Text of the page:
Discuss Traffic Matters With Princeton Future At Princeton Library This Saturday, Feb 22, 2014

This image shows a number of features of a 'Complete Street'. Can you name then? (Click to expand, image via Local Motion).

This image shows a number of features of a ‘Complete Street’. Can you name then? (Click to expand, image via Local Motion).

This Saturday (2/22/2014) Princeton Future will hold a public meeting at Princeton Public Library at 9 a.m. to discuss matters relating to Traffic and Transit in Princeton. The meeting will focus on how to implement the new Circulation Element of the Princeton Masterplan, which aims to  ‘entice people out of their cars and to promote using mass transit, bicycles or walking as their primary means of travel.’

The meeting will take a question and answer format with five speakers. The first speaker is former Princeton Borough Mayor, Marvin Reed, who was the mastermind behind the updated Circulation Element. Walkable Princeton contributor, Sam Bunting, will speak second, outlining a vision for ‘Complete Streets’ in Princeton. ‘Complete Streets’ is a policy which places equal value on all users of a street or road. Princeton’s new Circulation Element was written under a Complete Streets framework, after both the Borough and Township adopted Complete Streets resolutions in 2012. Implementing Complete Streets means that pedestrians, cyclists, users of limited-mobility, and transit riders are considered equally with motorized vehicle when deciding how to design a street. How can this best be carried out in Princeton?

The meeting will also feature Ralph Widner, a member of the Traffic and Transportation committee who has conducted statistical analyses of traffic in Princeton, and Steve Kruse, chair of the Princeton Pedestrian and Bicyclist Advisory Committee, who will discuss plans to improve options for local cyclists. The meeting will finish up with a presentation from Kevin Wilkes, Chair of the Alexander Street – University Place Transit Task Force, which is expected to report this year about potential improvements to transit and vehicular circulation around the University’s Arts and Transit project.

Flyer for upcoming Princeton Future meeting on Traffic and Transport. See also here for full-size version.

Flyer for upcoming Princeton Future meeting on Traffic and Transport. See also here for full-size version.

This should be a really important opportunity for Princeton residents to have their say about how we should be planning our streets in coming years. Hopefully there will be a great turnout, and if you need any further incentive, Princeton Future are usually really good about laying on some free coffee and baked goods at their meetings!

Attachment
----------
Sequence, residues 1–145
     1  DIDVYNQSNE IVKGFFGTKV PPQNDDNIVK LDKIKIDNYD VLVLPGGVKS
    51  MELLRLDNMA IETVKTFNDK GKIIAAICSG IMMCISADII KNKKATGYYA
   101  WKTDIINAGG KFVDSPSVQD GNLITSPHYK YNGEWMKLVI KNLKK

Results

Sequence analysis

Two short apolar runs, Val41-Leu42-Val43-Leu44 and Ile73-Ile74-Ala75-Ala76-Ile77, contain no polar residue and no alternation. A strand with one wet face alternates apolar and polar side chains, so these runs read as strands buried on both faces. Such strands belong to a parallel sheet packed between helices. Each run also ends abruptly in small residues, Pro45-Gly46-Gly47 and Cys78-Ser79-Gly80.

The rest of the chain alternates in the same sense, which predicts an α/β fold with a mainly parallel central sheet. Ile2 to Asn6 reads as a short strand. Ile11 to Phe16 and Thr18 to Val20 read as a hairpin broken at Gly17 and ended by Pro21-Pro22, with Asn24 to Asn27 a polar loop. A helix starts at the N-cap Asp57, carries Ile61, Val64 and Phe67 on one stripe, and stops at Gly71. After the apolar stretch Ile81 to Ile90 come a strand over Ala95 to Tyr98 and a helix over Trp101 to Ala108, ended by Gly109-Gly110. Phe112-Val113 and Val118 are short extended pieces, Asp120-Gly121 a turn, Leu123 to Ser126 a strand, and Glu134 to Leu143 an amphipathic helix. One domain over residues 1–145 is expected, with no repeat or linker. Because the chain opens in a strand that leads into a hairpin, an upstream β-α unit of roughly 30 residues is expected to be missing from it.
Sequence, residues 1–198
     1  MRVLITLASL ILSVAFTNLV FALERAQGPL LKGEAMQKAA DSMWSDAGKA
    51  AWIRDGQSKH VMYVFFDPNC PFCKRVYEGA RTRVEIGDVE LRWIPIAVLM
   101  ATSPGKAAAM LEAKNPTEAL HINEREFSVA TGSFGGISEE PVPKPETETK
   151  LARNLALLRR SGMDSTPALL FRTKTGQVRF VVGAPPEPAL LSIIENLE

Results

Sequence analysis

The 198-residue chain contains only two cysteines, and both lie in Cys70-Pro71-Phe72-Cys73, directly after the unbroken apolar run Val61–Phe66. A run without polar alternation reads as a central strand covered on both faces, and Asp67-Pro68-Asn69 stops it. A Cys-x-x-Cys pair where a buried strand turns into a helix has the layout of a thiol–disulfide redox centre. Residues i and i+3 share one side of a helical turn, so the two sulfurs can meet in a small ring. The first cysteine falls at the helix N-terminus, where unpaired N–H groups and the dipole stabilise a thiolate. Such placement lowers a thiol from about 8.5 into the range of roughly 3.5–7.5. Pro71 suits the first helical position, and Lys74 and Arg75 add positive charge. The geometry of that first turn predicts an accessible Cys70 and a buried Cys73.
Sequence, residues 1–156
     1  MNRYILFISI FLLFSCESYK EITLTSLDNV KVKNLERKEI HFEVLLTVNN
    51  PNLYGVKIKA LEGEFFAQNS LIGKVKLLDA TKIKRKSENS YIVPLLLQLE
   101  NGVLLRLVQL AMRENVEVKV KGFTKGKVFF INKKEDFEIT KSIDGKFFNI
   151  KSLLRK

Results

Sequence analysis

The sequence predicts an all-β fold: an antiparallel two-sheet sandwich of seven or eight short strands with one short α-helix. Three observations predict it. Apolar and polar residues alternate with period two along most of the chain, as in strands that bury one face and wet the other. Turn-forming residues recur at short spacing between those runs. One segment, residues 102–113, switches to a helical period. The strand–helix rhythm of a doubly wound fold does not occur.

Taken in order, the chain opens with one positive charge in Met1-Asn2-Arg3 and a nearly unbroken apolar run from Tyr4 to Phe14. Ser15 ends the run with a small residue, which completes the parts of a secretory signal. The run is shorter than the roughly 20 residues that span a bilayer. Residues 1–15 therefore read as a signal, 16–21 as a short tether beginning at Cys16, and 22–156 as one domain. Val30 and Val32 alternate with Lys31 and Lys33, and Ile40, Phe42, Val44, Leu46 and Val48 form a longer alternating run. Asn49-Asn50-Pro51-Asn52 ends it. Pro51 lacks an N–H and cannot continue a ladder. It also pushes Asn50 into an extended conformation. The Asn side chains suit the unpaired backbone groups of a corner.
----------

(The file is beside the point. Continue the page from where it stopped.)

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This entry was posted in Biking, Complete Streets, People, Princeton, Traffic, Transit, Walking and tagged , , . Bookmark the permalink.

2 Responses to Discuss Traffic Matters With Princeton Future At Princeton Library This Saturday, Feb 22, 2014

  1. Would love to come but I’m 2,500 miles away.

    BTW, that digram of a “Complete Street” is missing a crosswalk! REALLY ANNOYING!!!! This “engineering” practice of eliminating all but the bare minimum of crosswalks REALLY irks me. I know why the designer here eliminated the one crosswalk (to eliminate the long crossing without a median island and to avoid the possible “multiple vehicle threat” that happens on multilane roadways – one car stops, screens the other motorist from seeing the pestrian until its too late).

    Anyway, I called this “engineered non-compliance.” Since pedstrians have an expectation of being able to cross at any corner (and have the right to by NJ law) pedestrians will cross here anyway, as they always do, in “non-compliance” to the design. Princeton is loaded with “T” intersections like that illustrated where there are only two marked crosswalks, when there should be three.

    Plus is it really safer for a pedestrian to be exposed to TWO street crossings when they only really need to cross ONCE to get where they need to go?

  2. Pingback: Can We Make More Space For People On Princeton’s Witherspoon Street? | walkableprinceton

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